Today I marked the official end to our holiday season by taking down the Christmas tree. Susan and I have always left the tree up through New Year's Day, turning on the lights ever night. If we don't take it down on January 1st, we quit turning on the lights at that time--sort of the Christmas version of unplugging the tree from holiday-life-support (of course, it's an artificial tree, so there's really not any life to support, but you get the point).
For me, a Christmas tree is a tangible collection of wonderful memories. Every year we add at least one new ornament to the tree--a tradition that we didn't actually begin in the year of our marriage, unfortunately, but was something we began doing in the early 1980s. However, our tree has more than just our memories on it; there are several ornaments that date back to my parents' tree and my own childhood. Placing those ornaments on the tree each year establishes a solid link to all those Christmases past.
I used to think that it would be great to just leave the Christmas tree up year 'round... and at one point, we did indeed leave one small tree up in a corner of the house, decorated with rustic ornaments. After a few years, though, I thought better of it and took it down. I finally realized that Christmas is so strong in our hearts because it is a combination of wonderful memories of the past and hopeful dreams of the future. It is something that must remain a highlight of the year; it simply can't be an everyday thing. We'd like to believe that extending Christmas year round--even if just by keeping one tree on display throughout the year--would extend the wonders of the Christmas season across the calendar, but it doesn't. Instead, it removes the uniqueness--rather than uplifting the rest of the year, it serves to diminish Christmas by making commonplace one of its most distinctive trappings. We don't elevate the rest of the year, we merely draw Christmas down closer to their level.
So the tree must come down. It must be done in a specific order. First, the dozens of Christmas-red double-candles connected by an uncut wick come off the tree; then the glass icicles; then the elongated Santa and snowman icicle-surrogates; then the Santa ornaments; then the "Here Comes Santa" series that Susan gave me every year for the duration of its run; then the softer fabric ornaments; then the rustic ornaments; and finally, at the very end, the cherished ornaments of my childhood.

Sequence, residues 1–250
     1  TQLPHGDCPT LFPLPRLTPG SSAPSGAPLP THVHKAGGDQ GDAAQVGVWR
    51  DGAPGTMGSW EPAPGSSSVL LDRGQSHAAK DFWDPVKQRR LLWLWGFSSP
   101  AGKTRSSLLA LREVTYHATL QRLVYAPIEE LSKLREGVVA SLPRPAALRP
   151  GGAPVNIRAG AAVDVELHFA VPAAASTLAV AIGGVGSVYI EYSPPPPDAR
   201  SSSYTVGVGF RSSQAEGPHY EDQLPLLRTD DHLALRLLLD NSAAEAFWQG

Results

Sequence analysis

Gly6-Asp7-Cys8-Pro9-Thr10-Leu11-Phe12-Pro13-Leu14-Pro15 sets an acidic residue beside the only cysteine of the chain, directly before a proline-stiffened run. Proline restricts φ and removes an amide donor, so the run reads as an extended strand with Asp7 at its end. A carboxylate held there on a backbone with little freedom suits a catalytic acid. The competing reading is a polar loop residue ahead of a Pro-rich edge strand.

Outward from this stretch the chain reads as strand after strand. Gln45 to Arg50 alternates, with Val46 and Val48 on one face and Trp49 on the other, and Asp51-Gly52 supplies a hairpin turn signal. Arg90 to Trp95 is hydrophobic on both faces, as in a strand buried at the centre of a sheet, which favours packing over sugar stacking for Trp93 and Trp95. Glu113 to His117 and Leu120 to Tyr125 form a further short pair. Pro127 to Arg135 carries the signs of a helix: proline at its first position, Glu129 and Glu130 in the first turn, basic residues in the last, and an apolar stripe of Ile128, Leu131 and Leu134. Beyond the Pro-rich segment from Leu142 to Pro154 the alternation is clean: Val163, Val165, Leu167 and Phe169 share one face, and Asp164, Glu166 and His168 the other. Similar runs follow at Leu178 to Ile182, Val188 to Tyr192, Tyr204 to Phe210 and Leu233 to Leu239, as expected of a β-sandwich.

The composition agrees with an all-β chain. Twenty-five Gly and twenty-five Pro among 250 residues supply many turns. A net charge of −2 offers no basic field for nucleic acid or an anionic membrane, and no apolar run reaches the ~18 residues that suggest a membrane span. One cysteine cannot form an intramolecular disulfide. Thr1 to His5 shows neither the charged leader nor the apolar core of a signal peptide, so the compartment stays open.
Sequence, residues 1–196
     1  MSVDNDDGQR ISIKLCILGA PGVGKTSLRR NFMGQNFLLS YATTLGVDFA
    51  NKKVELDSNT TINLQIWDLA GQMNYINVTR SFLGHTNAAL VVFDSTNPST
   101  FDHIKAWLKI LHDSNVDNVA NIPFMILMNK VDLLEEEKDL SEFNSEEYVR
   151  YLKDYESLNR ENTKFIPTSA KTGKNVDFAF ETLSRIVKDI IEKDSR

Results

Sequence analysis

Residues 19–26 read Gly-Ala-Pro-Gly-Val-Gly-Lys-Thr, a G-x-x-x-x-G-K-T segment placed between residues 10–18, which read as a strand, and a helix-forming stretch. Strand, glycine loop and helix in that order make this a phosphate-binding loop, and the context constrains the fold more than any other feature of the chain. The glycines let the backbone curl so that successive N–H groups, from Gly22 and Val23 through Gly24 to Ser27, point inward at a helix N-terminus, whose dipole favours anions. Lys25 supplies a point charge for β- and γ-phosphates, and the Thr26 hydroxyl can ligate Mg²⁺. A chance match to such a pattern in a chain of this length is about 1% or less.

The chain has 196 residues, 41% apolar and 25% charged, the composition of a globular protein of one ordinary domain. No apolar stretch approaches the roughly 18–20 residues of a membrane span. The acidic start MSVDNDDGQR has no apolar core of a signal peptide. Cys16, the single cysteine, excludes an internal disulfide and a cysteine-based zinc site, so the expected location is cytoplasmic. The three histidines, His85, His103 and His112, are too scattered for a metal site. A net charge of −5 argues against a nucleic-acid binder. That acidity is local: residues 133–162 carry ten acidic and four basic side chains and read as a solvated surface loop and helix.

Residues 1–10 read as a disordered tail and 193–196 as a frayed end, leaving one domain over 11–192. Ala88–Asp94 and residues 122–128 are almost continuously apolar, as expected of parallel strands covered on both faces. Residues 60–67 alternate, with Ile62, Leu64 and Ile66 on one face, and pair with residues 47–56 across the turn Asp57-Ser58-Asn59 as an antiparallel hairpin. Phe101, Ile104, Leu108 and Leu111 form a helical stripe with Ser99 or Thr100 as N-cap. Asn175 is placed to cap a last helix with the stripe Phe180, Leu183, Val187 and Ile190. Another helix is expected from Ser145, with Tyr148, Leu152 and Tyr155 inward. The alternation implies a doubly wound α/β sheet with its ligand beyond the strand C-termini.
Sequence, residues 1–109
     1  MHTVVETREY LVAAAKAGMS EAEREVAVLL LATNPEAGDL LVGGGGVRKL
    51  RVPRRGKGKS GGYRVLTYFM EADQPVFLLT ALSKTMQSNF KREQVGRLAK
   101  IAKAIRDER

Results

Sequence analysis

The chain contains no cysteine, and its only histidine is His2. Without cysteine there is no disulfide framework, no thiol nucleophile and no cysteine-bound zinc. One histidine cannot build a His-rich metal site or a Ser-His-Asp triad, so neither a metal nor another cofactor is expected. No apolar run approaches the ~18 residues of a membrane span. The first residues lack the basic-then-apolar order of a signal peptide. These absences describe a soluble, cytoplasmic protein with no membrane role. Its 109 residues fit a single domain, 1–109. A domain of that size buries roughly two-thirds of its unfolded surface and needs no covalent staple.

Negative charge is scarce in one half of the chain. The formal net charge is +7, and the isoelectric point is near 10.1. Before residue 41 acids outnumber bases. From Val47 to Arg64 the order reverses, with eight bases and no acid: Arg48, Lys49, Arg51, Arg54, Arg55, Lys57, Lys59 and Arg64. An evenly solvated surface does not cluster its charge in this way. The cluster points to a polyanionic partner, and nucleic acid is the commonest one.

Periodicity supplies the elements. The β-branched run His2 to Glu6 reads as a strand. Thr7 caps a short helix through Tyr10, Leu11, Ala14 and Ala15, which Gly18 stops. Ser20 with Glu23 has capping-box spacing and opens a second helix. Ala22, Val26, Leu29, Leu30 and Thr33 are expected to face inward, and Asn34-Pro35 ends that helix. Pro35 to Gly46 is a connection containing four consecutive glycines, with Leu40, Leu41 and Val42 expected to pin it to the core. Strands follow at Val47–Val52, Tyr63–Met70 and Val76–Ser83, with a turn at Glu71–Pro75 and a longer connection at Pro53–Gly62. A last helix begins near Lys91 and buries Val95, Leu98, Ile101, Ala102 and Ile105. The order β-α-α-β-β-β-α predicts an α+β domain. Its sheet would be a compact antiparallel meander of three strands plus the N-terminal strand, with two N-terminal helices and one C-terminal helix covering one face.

For years, I packed them in cardboard boxes with lids, each layers separated by crumpled tissue paper or plastic bags. Then, a few years ago, I bought a multi-layered egg-carton sort of box at Target with separate compartments for each ornament, and I tried that for a couple of years. It seemed sterile, however, and uncaring; finally, I abandoned the box and returned to the method we used flawlessly for years.
As I finished with the tree, sweeping up the space it had until recently occupied prior to moving the chair back into place (each year, the green mission-style chair must abandon its place in the corner of the sun room to make room for the Christmas tree), I realized that this year I had not embraced Christmas to the degree that I would have liked. I think that might be one of the detrimental effects of being a retailer: while my heart yearns to enjoy the holidays fully, to cherish each minute of the season, to devote myself to finding just the right gifts for all who are close to me, I find myself pulled away by the ever-increasing demands of retailing. The store demands more time, the customers deserve more help, and the constant pattern of sell-verify-reorder-restock-and-repeat transform the holiday into an unrelenting whirlwind of activity.
I miss those childhood years when school let out for Christmas and all my waking time was dominated by the holiday--the foods, the music, the programs, the family, the laughter, the lights, the excitement of it all. I miss the college years when Susan and I were newlyweds, when classes at Berry ended at Thanksgiving, and when our jobs had no demands on our time or our minds from the moment we left work each day, leaving us free to reinvent the joys of Christmas as a young couple. I miss the days when Mom and Dad made Christmas an event for all of us, bringing us all together at their house for a joyous two-day recognition of the holiday.
And today, as I was talking to my friend Charles, I shared with him a realization that has come to me gradually: the bulk of my Christmases are behind me. I have been given sixty Christmases so far--some wondrous, many memorable, and a few rushed and not wholly appreciated. I don't have sixty more Christmases ahead of me; I would like not to squander those that remain...